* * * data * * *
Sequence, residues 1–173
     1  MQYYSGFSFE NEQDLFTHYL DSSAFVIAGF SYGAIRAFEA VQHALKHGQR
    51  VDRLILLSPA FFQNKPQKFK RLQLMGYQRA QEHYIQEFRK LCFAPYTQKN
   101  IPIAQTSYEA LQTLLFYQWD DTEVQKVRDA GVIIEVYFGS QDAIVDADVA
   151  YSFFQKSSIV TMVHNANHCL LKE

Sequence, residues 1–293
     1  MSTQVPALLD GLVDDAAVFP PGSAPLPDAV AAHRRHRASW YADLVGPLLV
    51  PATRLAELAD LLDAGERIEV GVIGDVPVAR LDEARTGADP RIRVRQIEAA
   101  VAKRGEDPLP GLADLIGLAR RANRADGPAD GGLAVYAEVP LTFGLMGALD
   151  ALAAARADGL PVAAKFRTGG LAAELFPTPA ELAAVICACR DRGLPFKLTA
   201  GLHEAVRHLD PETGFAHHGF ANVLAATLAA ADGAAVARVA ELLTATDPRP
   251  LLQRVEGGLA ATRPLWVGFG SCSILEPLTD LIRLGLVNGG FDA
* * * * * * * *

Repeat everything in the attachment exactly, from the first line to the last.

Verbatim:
Sequence, residues 1–173
     1  MQYYSGFSFE NEQDLFTHYL DSSAFVIAGF SYGAIRAFEA VQHALKHGQR
    51  VDRLILLSPA FFQNKPQKFK RLQLMGYQRA QEHYIQEFRK LCFAPYTQKN
   101  IPIAQTSYEA LQTLLFYQWD DTEVQKVRDA GVIIEVYFGS QDAIVDADVA
   151  YSFFQKSSIV TMVHNANHCL LKE

Sequence, residues 1–293
     1  MSTQVPALLD GLVDDAAVFP PGSAPLPDAV AAHRRHRASW YADLVGPLLV
    51  PATRLAELAD LLDAGERIEV GVIGDVPVAR LDEARTGADP RIRVRQIEAA
   101  VAKRGEDPLP GLADLIGLAR RANRADGPAD GGLAVYAEVP LTFGLMGALD
   151  ALAAARADGL PVAAKFRTGG LAAELFPTPA ELAAVICACR DRGLPFKLTA
   201  GLHEAVRHLD PETGFAHHGF ANVLAATLAA ADGAAVARVA ELLTATDPRP
   251  LLQRVEGGLA ATRPLWVGFG SCSILEPLTD LIRLGLVNGG FDA